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Navigation Amendment Bill 2004



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Parliament of Australia

Department of Parliamentary Services

Parliamentary Library BILLS DIGEST

Information, analysis and advice for the Parliament no. 116, 2004-05

16 February 2005, ISSN 1328-8091

Navigation Amendment Bill 2004

Mary Anne Neilsen Law and Bills Digest Section

Contents

Purpose . . . . . . . . . . . . . . . . . . . . . . . . . . . . . . . . . . . . . . . . . . . . . . . . . . . . . . . . . . . . . . 2

Background . . . . . . . . . . . . . . . . . . . . . . . . . . . . . . . . . . . . . . . . . . . . . . . . . . . . . . . . . . . 2

Main Provisions . . . . . . . . . . . . . . . . . . . . . . . . . . . . . . . . . . . . . . . . . . . . . . . . . . . . . . . 2

Schedule 1—Amendments of the Navigation Act 1912 . . . . . . . . . . . . . . . . . . . . . . . . .2

Summary and indictable offences . . . . . . . . . . . . . . . . . . . . . . . . . . . . . . . . . . . . . . . . 2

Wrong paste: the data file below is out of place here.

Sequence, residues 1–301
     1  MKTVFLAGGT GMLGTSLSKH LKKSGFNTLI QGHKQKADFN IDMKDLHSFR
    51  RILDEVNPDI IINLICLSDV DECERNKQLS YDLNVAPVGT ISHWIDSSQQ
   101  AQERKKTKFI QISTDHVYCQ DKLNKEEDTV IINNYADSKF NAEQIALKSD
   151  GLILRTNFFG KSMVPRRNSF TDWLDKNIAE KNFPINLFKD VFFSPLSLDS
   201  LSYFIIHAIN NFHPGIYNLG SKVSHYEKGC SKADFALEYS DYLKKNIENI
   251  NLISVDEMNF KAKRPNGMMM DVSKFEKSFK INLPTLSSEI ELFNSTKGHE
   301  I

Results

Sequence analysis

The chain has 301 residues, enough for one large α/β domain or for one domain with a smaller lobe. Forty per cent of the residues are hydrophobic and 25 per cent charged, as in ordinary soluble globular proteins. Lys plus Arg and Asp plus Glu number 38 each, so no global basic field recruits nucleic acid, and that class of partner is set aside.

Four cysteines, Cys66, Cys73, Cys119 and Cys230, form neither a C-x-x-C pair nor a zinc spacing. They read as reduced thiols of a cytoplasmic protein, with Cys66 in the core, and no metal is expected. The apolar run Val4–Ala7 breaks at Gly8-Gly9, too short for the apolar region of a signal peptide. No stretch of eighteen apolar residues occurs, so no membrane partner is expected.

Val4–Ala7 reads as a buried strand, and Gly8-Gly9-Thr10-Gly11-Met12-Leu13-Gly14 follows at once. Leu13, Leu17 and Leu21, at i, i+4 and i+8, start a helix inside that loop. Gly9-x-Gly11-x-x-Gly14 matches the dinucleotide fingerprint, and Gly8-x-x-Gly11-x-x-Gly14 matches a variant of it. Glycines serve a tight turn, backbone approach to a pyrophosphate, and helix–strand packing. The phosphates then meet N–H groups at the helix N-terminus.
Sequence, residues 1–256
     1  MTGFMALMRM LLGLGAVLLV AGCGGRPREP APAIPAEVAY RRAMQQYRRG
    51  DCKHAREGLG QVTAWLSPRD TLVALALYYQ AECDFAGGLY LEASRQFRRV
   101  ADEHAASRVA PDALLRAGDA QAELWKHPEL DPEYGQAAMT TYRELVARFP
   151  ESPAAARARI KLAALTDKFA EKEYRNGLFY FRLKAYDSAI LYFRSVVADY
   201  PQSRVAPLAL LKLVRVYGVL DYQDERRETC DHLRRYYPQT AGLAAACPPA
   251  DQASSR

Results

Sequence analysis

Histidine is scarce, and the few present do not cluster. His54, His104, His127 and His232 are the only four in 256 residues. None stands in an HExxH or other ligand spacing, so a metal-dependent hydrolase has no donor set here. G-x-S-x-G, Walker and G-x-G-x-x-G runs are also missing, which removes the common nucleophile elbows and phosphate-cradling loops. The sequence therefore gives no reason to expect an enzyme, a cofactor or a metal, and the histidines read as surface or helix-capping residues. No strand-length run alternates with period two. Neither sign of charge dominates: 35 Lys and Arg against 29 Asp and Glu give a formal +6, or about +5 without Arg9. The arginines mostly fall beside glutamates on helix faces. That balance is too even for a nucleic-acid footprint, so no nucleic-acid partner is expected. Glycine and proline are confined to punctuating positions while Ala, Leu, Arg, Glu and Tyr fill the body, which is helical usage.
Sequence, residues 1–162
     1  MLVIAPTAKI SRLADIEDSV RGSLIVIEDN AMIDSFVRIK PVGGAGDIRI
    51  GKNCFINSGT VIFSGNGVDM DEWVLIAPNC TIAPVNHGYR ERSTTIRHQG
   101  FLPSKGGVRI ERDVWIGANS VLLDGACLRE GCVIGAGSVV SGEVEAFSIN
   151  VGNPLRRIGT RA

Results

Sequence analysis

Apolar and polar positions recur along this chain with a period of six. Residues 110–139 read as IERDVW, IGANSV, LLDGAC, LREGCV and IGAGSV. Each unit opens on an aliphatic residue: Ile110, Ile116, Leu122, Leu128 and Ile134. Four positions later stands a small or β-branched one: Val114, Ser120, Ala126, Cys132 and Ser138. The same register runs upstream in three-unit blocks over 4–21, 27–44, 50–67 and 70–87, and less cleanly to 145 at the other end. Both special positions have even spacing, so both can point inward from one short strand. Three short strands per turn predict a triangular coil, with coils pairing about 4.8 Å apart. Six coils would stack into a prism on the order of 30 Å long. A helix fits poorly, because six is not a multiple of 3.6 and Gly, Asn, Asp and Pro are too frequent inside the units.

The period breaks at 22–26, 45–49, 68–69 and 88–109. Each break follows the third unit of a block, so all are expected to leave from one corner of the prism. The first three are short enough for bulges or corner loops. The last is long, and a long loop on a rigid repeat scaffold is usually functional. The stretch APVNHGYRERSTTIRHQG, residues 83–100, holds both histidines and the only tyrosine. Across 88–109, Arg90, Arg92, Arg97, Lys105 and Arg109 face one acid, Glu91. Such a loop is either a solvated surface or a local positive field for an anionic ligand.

Nautical assessors . . . . . . . . . . . . . . . . . . . . . . . . . . . . . . . . . . . . . . . . . . . . . . . . . . . 3

Penalties . . . . . . . . . . . . . . . . . . . . . . . . . . . . . . . . . . . . . . . . . . . . . . . . . . . . . . . . . . 3

Concluding Comments . . . . . . . . . . . . . . . . . . . . . . . . . . . . . . . . . . . . . . . . . . . . . . . . . . . 4

Criminal offences in subordinate legislation . . . . . . . . . . . . . . . . . . . . . . . . . . . . . . . . 4

Endnotes . . . . . . . . . . . . . . . . . . . . . . . . . . . . . . . . . . . . . . . . . . . . . . . . . . . . . . . . . . . . . 4

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2 Navigation Amendment Bill 2004

Navigation Amendment Bill 2004